Cyber Essentials & IASME
Protect your organisation against common cyber threats
The risk of Cyber-Crime
All businesses need to be aware of the risks of cyber-crime, including hacking and viruses that can threaten customer data and confidential information. Frequently, cyber-attacks are not even especially sophisticated but they still cause damage to businesses.
Ciaran Martin, CEO of the National Cyber Security Centre, says, “By getting the basic defences right, businesses of every size can protect their reputation, finances and operating capabilities”.
There is also great fear of new tech in case it is vulnerable to attack. Mike Cherry from the Federation of Small Businesses explains that “some businesses refrain from embracing new technology as they fear the repercussions and do not believe they will get adequate protection from crime.
“In the face of an ever-increasing threat of cyber-attacks, the FSB supports the Cyber Essentials scheme as an additional and important tool, designed to help reduce the risk to small firms and improve the resilience of the sector.”
The fact is that even if you think you are safe from cyber-crime, there are always criminals trying to break into your systems – and chances are they have already succeeded, whether you are aware of it or not. According to James Snook, Deputy Director in the government’s Office for Cyber Security, “My message for companies that think they haven’t been attacked is: you’re not looking hard enough”.
“My message for companies that think they haven’t been attacked is: you’re not looking hard enough”.
James Snook, Deputy Director of the Office for Cyber Security and Information Assurance (OCSIA)
What is Cyber Essentials?
The majority of cyber-attacks exploit basic weaknesses in your IT systems and software. Cyber Essentials is a scheme that shows you how to address those basics and prevent the most common attacks. It was designed by the Government to make it easy for you to protect yourself.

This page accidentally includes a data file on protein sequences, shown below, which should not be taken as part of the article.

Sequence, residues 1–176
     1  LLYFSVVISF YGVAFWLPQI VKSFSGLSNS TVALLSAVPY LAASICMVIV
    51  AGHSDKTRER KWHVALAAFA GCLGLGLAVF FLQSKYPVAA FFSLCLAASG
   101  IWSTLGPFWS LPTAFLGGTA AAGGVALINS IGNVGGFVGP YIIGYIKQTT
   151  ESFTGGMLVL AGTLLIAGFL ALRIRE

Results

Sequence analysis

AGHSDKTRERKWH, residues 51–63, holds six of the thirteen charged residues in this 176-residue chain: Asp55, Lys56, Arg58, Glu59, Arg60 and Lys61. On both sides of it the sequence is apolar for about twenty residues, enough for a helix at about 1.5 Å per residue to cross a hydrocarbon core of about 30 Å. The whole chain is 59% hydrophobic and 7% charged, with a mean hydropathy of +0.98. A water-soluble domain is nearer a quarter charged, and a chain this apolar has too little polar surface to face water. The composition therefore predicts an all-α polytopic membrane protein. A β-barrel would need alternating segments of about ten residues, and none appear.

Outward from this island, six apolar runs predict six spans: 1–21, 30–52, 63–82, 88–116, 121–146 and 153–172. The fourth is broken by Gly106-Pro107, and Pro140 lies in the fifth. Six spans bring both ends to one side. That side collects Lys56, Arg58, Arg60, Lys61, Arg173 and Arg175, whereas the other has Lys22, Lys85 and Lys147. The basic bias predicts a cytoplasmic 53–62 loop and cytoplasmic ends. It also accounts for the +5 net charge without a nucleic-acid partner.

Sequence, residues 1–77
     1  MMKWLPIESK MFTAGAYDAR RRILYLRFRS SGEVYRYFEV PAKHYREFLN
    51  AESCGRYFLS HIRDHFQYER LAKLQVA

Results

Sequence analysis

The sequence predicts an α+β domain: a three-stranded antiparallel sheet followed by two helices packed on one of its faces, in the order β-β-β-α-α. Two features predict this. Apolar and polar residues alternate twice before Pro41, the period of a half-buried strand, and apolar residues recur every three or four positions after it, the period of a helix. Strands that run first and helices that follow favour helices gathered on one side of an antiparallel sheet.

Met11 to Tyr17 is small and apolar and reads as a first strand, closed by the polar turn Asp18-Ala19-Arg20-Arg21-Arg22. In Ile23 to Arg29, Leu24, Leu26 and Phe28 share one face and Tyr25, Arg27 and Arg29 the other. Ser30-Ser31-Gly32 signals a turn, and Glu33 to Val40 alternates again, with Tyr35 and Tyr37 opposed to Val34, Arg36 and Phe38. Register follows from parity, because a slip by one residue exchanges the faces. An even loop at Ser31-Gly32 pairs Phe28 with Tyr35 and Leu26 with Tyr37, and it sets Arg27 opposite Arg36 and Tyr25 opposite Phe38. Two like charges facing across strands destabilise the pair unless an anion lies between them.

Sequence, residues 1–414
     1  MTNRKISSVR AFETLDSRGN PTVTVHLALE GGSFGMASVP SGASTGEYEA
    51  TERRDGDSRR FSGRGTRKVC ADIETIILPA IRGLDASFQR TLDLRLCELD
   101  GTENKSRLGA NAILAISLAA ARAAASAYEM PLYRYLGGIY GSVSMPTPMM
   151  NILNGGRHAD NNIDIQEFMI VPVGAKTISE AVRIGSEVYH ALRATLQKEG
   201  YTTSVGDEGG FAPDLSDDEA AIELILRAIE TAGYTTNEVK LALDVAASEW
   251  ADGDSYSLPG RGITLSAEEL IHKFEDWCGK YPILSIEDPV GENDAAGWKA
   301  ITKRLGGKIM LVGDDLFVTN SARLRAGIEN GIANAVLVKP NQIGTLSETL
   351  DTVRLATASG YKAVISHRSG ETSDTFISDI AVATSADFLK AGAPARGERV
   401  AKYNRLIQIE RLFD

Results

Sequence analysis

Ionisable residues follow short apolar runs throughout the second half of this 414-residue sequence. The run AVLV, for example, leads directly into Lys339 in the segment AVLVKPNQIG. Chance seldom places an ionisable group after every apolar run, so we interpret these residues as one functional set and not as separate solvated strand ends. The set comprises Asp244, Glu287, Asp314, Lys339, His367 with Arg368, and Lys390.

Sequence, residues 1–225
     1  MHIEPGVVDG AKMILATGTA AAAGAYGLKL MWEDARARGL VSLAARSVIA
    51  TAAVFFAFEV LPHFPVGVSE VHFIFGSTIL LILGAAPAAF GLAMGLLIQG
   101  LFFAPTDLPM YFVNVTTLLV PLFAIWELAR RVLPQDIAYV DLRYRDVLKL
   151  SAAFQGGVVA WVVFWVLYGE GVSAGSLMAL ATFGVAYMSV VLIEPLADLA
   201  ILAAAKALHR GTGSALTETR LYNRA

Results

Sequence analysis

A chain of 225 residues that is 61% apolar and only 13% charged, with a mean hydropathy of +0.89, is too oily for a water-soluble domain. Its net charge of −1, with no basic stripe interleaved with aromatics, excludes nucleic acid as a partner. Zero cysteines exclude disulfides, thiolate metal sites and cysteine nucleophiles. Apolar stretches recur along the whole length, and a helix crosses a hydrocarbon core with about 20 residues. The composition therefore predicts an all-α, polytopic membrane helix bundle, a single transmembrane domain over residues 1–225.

Online threats of hacking and viruses are getting more and more advanced, according to Christopher Graham from the Information Commissioner’s Office. He recommends Cyber Essentials, explaining:
“This scheme focuses on the core set of actions that businesses should be taking to protect themselves, their customers, and their brand. Cyber Essentials enables businesses to demonstrate that they are taking action to control the risks”
Cyber Essentials requires an organisation to complete a self-assessment questionnaire, with responses independently reviewed by an external certifying body.
Cyber Essentials helps prevent the vast majority of cyber-attacks. Even a simple virus or piece of malware could result in loss of company and client data, disrupt your cash flow and take up staff time. An attack could also put off your customers, stop you trading and damage your hard-earned reputation.
It could even be reported in the local media, risking customer confidence even further. As Christopher Graham explains, “The knock-on effect of a data breach can be devastating. When customers start taking their business elsewhere, that can be a real body blow”.
Plus, of course, any loss of data could breach the Data Protection Act and lead to fines or prosecution.
Having a Cyber Essentials badge will:
- Protect your organisation against common cyber threats
- Show your customers you take this issue seriously
- Enable you to bid for Government contracts.
Since October 2014, Cyber Essentials has been mandatory for suppliers of Government contracts that involve handling personal information and providing some ICT products and services. Holding a Cyber Essentials badge enables you to bid for these contracts.
Cyber Essentials Plus
Cyber Essentials Plus covers the same requirements as Cyber Essentials but tests of the systems are carried out by an external certifying body, using a range of tools and techniques.
Cyber Essentials Plus is the best way of making sure that what you keep your data secure.
The IASME Governance standard was developed over several years during a Technology Strategy Board funded project to create a cyber security standard that would be an affordable and achievable alternative to the international standard, ISO27001.
The IASME Governance standard allows the small companies in a supply chain to demonstrate their level of cyber security for a realistic cost and indicates that they are taking positive steps to properly protect their customers’ information.
The IASME Governance assessment includes a Cyber Essentials assessment and is available either as a self-assessment or an on-site audit. Since the 1st March 2017, it has also included an optional assessment against the GDPR requirements.
We currently recommend that small- to medium-sized companies follow the IASME standard because it’s more comprehensive and focused and encompasses both Cyber Essentials and GDPR. It protects and controls a whole lot more without being as onerous as ISO27001, and it is a fantastic stepping stone to meet that standard in the future.
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